Shoulder lesions are most commonly observed in sows during the weeks following farrowing. Long periods of lying combined with poor body condition can increase the likelihood of sows developing shoulder sores. The prevalence of shoulder lesions varies greatly depending on farm and sow factors, with anywhere from 10 to 50% of sows being affected. Shoulder lesions, also referred to as shoulder sores or ulcers, typically appear as a circular sore on the upper shoulder.
In sows, shoulder lesions appear over the scapula, where the amount of soft tissue between the skin and bone is insufficient to distribute external pressure. Lying laterally (such as during nursing bouts) puts pressure on this area, and prolonged lying can restrict blood flow and result in localized tissue damage. Shoulder lesions in sows are comparable with pressure ulcers in humans, also known as bed sores. Once they have developed they are difficult to treat, and will often return during the next lactation. In practical terms this means sows are at their highest risk for developing lesions in the weeks after farrowing as they can spend over 90% of their time lying during this period.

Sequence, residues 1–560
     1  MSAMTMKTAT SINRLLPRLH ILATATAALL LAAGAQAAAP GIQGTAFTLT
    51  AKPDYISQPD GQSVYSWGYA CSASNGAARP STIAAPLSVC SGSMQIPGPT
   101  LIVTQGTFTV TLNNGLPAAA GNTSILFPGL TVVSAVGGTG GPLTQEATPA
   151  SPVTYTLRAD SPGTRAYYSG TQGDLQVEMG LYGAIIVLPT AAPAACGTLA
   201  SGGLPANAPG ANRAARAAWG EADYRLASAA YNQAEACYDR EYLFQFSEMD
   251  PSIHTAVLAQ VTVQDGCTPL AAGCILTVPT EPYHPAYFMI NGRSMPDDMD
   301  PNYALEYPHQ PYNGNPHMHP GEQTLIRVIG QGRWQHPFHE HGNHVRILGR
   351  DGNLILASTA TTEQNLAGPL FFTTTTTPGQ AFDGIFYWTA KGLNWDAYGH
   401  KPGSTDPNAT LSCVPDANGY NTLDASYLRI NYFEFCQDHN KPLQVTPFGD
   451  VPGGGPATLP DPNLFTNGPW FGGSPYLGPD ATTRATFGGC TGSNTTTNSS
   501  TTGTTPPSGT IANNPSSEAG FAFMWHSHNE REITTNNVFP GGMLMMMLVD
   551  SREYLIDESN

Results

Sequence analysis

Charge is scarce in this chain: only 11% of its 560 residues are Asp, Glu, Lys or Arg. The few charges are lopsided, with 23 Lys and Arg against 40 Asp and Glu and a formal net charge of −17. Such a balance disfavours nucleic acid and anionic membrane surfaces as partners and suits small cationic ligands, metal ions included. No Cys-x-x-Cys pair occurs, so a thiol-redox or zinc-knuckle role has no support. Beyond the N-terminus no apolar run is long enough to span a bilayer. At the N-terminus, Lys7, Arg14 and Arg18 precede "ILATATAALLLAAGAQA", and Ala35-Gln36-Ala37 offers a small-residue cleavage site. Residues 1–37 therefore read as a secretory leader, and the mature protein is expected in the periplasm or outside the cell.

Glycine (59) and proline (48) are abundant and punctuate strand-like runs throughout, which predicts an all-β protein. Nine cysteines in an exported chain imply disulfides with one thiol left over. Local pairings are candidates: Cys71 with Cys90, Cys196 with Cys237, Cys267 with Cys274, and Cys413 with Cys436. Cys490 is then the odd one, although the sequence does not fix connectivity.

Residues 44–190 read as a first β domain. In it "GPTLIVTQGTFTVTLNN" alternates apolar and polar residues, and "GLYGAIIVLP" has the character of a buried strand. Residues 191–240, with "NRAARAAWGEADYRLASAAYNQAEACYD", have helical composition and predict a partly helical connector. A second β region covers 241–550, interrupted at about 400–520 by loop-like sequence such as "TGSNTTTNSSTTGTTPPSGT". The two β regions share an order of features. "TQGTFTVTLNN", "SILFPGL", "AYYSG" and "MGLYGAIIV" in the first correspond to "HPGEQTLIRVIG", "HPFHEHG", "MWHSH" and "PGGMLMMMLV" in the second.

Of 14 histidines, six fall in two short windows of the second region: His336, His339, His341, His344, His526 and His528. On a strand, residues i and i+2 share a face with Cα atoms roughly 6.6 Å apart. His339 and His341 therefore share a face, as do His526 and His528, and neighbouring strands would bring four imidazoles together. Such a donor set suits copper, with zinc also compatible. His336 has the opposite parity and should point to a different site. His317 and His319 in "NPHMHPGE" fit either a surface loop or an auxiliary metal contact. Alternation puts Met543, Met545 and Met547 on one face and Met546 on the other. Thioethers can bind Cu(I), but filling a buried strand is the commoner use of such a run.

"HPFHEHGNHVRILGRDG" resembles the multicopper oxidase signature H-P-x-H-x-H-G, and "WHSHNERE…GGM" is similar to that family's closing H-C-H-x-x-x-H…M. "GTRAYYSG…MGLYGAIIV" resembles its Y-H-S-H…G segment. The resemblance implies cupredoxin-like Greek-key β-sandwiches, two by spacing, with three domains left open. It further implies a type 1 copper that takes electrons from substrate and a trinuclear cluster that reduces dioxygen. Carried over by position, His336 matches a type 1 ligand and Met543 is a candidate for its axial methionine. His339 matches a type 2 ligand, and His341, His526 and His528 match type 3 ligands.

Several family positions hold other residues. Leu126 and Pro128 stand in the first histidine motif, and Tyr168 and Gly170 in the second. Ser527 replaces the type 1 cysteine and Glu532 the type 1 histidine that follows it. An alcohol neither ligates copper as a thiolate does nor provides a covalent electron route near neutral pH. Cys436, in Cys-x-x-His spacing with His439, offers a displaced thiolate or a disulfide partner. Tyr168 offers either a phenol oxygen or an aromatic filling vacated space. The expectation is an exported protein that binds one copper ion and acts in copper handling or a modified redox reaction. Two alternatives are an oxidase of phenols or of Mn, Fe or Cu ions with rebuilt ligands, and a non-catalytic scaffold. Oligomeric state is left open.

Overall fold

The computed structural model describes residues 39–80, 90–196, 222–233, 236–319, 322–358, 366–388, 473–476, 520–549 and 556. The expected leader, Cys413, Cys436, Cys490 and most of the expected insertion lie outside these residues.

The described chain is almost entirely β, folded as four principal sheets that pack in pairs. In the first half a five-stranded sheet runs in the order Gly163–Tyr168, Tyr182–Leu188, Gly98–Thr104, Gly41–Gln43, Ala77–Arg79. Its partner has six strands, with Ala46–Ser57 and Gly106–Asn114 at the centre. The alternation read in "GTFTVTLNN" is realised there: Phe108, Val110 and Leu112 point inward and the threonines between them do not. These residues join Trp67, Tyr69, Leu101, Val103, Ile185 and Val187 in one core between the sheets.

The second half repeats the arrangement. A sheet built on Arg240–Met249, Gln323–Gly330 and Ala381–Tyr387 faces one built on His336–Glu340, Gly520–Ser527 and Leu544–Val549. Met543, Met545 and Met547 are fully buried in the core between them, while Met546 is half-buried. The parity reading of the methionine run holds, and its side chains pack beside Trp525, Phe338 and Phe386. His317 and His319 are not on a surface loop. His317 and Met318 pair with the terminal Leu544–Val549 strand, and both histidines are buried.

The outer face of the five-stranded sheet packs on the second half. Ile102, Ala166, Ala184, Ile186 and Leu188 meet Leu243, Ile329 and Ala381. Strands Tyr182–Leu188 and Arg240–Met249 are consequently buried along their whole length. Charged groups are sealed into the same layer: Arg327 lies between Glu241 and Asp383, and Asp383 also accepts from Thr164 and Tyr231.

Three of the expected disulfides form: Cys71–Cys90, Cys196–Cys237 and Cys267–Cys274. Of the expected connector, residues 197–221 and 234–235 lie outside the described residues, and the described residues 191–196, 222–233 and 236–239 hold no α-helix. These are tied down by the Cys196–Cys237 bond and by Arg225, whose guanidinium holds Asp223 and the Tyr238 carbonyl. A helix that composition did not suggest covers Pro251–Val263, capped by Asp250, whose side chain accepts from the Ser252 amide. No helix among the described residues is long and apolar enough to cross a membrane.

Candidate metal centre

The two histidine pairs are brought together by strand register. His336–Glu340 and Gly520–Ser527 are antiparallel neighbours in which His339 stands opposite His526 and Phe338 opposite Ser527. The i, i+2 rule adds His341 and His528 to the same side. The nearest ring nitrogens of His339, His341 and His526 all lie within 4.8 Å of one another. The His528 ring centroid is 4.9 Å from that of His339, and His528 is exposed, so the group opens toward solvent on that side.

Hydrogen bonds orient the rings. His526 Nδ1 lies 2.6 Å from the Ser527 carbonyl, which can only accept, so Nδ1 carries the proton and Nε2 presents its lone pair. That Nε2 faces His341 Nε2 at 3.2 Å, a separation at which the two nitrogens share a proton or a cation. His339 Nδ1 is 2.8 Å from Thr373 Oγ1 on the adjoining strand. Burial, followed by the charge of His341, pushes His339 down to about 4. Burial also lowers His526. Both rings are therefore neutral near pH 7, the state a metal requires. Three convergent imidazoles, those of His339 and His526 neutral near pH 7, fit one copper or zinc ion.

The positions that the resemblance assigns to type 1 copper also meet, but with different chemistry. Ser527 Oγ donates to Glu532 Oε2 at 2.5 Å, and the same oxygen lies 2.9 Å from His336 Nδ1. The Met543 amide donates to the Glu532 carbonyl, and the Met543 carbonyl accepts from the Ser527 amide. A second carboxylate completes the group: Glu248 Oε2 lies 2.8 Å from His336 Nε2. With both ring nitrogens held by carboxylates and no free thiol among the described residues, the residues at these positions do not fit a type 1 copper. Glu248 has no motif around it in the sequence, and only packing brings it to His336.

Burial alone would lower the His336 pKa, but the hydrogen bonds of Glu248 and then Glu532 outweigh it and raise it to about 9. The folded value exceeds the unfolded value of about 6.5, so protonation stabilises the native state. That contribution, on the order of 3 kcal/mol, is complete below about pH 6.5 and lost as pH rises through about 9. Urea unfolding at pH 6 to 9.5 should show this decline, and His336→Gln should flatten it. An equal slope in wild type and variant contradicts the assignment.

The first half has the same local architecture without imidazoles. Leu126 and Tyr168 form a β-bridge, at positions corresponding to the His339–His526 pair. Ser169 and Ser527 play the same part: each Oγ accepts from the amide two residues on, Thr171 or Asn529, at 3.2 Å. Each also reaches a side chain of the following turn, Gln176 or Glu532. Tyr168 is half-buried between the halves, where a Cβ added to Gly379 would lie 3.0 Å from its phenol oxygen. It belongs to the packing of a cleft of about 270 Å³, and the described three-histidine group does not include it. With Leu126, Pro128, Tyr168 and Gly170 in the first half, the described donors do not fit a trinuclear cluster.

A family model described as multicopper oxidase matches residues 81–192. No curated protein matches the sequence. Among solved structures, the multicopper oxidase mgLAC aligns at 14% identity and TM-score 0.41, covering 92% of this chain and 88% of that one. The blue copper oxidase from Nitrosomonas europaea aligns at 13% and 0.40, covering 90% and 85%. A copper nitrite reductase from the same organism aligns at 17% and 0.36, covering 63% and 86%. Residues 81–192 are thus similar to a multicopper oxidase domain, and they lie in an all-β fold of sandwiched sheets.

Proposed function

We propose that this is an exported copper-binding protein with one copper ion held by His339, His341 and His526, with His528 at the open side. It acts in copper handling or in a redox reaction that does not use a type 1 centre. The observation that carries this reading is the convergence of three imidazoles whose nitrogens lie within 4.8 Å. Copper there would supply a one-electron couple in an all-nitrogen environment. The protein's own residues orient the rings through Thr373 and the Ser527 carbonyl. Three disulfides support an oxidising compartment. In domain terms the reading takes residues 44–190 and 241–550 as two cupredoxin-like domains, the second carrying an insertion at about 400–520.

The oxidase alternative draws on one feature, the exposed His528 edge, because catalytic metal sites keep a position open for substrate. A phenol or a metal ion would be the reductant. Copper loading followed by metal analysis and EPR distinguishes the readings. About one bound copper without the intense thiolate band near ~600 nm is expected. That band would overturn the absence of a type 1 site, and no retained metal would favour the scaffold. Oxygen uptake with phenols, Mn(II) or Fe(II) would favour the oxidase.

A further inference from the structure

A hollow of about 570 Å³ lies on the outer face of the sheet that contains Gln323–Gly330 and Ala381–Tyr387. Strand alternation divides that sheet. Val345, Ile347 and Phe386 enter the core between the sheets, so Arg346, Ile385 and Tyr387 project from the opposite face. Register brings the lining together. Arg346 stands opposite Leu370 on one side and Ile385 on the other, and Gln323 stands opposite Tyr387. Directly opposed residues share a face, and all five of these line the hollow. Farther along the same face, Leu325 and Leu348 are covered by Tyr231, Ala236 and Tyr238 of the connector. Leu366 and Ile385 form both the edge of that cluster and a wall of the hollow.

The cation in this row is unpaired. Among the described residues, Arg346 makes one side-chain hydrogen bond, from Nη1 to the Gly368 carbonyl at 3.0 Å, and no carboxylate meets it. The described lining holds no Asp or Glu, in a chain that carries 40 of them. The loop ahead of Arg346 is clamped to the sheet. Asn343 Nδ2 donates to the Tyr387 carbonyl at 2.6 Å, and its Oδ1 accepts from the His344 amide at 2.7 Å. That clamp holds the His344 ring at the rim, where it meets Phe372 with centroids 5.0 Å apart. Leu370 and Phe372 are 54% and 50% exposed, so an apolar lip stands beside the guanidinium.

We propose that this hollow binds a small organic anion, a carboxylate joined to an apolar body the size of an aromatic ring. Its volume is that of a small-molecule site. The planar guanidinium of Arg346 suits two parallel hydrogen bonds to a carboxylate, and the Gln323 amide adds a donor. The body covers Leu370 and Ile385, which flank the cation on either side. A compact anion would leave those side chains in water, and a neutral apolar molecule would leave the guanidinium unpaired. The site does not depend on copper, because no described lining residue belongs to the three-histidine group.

The first indication of a shoulder lesion forming is reddening of the skin. The skin may become damp and flies can be attracted to the area. If the problem goes untreated, the sore can quickly progress to an open ulcer, and in extreme cases, the underlying bone may be exposed. The occurrence and severity of shoulder lesions varies greatly from farm-to-farm, reflecting the multi-factorial nature of this problem.